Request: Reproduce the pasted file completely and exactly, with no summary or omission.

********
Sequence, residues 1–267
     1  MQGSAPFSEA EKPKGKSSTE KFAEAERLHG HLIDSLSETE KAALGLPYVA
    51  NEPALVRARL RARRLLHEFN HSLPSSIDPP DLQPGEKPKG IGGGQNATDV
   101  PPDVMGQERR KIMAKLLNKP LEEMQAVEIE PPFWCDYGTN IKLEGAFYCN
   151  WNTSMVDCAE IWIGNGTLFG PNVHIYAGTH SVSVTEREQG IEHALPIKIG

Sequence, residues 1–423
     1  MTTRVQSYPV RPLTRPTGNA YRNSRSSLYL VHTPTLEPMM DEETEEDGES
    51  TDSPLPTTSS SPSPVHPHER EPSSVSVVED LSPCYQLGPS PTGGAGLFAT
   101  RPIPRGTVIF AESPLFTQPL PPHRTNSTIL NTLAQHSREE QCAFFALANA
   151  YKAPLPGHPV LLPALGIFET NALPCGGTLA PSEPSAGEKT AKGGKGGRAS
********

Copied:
Sequence, residues 1–267
     1  MQGSAPFSEA EKPKGKSSTE KFAEAERLHG HLIDSLSETE KAALGLPYVA
    51  NEPALVRARL RARRLLHEFN HSLPSSIDPP DLQPGEKPKG IGGGQNATDV
   101  PPDVMGQERR KIMAKLLNKP LEEMQAVEIE PPFWCDYGTN IKLEGAFYCN
   151  WNTSMVDCAE IWIGNGTLFG PNVHIYAGTH SVSVTEREQG IEHALPIKIG

Sequence, residues 1–423
     1  MTTRVQSYPV RPLTRPTGNA YRNSRSSLYL VHTPTLEPMM DEETEEDGES
    51  TDSPLPTTSS SPSPVHPHER EPSSVSVVED LSPCYQLGPS PTGGAGLFAT
   101  RPIPRGTVIF AESPLFTQPL PPHRTNSTIL NTLAQHSREE QCAFFALANA
   151  YKAPLPGHPV LLPALGIFET NALPCGGTLA PSEPSAGEKT AKGGKGGRAS